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Census Research

guide that describes major aspects of the Census, links to key online sources, and highlights print collections in the Blume Library

Comparability: Race and Hispanic Origin


decorative; family laughing and looking at objectsThe very complicated, and important, issue of comparability of racial data is a special case arising from differences in the way Census questions are answered. Major changes were instituted for the 2000 Census in the collection of racial data; therefore the most pressing problems in comparability occur when 2000 data is compared with that from earlier years. In all cases, modifications in definitions and questionnaire structure from Census to Census may cause problems with comparing data.

Background of Census 2000's changes

Prior to 2000, there were complaints from many different sectors of the population that the Census Bureau's collection of racial data was too restrictive, since respondents had to choose one and only one racial category for their answer. People who identify as multi-racial were forced to choose one or the other race, but not both. With the 2000 Census, respondents were able to mark more than one category from a list of major racial categories: American Indian, Asian, Black, Native Hawaiian, White, and other. Given the possible permutations of this list, there end up being 63 different racial categories for which data is being reported. Since in previous years, there were only 6 (or however many categories were offered as answers to the question) it is obvious that decorative, couple huggingracial data from 2000 gives a much better picture of the diversity of the country. But the data from 2000 cannot be directly compared with that from any earlier Census.

More Choices

Another major departure for Census 2000 lies in the categories offered as choices for Asian- and Polynesian-Americans. Prior to 2000, there was only an "Asian and Pacific Islanders" category. In 2000 these major categories were broken into two. Looking at the statistics for sub-categories of these groups (for example: Chinese, Japanese, Filipino, Hawaiian, Samoan, etc.) might be a way to find comparisons with earlier data.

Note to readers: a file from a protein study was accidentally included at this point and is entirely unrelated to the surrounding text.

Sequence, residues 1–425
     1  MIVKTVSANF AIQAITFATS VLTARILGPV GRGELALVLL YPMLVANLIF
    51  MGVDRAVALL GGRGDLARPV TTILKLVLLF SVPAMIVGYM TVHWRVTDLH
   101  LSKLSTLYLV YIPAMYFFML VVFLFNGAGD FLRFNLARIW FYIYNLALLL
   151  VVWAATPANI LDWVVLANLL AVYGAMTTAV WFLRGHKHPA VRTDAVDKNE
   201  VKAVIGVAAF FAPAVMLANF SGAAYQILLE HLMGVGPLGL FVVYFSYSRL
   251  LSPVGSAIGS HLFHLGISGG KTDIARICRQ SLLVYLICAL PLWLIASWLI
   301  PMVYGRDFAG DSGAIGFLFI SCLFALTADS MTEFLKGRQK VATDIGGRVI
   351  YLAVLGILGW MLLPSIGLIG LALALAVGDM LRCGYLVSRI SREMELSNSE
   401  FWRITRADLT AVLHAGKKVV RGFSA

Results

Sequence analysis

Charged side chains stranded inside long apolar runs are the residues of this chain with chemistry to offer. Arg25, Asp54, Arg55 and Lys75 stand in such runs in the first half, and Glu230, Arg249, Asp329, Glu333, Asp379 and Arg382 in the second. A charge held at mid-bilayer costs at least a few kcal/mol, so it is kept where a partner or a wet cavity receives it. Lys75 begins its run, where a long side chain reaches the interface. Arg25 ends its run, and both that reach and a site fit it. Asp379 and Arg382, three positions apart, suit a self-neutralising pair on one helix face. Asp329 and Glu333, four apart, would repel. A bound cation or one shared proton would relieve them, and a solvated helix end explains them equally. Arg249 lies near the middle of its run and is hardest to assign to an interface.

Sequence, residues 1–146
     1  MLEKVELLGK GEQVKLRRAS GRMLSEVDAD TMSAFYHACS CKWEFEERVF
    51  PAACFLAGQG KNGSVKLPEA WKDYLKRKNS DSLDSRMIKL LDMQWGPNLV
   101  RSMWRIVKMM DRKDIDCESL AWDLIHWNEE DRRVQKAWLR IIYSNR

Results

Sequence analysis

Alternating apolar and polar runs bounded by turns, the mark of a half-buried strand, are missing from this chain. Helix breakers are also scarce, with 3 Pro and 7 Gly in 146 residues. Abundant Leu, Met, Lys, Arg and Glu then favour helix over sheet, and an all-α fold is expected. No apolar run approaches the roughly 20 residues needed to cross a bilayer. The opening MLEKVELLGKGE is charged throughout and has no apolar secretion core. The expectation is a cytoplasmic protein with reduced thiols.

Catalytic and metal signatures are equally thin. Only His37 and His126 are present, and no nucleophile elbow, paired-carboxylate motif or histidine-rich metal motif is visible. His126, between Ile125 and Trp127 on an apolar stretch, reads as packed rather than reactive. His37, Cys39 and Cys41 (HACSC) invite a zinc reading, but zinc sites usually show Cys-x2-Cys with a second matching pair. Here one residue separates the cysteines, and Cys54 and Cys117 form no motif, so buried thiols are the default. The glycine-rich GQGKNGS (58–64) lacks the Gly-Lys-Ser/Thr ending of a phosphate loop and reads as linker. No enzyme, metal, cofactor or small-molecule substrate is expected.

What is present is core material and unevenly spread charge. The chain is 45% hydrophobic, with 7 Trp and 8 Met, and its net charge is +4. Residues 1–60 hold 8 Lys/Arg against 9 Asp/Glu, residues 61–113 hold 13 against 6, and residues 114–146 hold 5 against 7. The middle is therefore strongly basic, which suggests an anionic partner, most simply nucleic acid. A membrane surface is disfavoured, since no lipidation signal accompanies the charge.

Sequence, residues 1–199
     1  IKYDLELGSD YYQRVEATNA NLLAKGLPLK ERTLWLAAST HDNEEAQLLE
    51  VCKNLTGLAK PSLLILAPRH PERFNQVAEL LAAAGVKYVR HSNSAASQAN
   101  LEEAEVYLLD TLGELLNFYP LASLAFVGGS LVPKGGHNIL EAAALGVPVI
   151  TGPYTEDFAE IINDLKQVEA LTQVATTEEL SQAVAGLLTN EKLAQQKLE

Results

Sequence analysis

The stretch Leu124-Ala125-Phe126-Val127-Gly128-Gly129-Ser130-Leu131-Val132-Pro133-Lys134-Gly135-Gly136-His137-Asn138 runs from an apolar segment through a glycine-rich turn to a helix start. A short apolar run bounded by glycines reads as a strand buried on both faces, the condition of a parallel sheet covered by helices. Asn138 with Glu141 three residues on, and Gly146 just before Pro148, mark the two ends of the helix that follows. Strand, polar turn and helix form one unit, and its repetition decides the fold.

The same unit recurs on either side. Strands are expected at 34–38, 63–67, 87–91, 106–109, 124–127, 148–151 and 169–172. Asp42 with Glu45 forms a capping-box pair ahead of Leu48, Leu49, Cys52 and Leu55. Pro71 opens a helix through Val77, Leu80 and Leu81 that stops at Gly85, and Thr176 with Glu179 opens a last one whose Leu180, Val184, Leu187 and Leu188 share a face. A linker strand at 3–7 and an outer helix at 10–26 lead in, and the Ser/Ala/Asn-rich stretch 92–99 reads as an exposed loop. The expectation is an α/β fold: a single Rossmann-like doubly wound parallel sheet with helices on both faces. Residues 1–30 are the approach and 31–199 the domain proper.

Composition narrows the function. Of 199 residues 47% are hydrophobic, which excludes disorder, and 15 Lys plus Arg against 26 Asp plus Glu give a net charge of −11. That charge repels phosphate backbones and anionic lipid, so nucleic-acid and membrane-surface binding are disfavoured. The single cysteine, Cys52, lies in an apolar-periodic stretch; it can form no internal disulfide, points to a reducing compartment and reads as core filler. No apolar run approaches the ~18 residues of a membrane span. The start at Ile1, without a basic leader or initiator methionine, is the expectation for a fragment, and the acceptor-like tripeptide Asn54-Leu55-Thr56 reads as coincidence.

decorative; woman holding a young childThe biggest problem in finding and using data on the Hispanic population comes from confusion between the concepts of race and ethnicity. Quoting from Census's Overview of Race and Hispanic Origin, "The federal government considers race and Hispanic origin to be two separate and distinct concepts." Hispanics can be of any race. Unfortunately, reporters and others in the media don't always understand this distinction, and one often sees new items comparing Hispanics with African Americans, for example, adding to the confusion surrounding this issue.

In addition to this fundamental confusion, however, Census collection of data on Hispanics has varied so much over the last 60 years that comparisions are practically impossible between any two Census' data on the topic. Data has ranged from "mother tongue" to a comparison of names with a list of Spanish surnames, to "Spanish origin" to "Spanish ancestry," etc. It is important to note that 1970 was the first Census to ask specifically about Hispanic origin and in that Census it was asked only on the sample quesionnaires.

Census Hispanic Origin and Race Data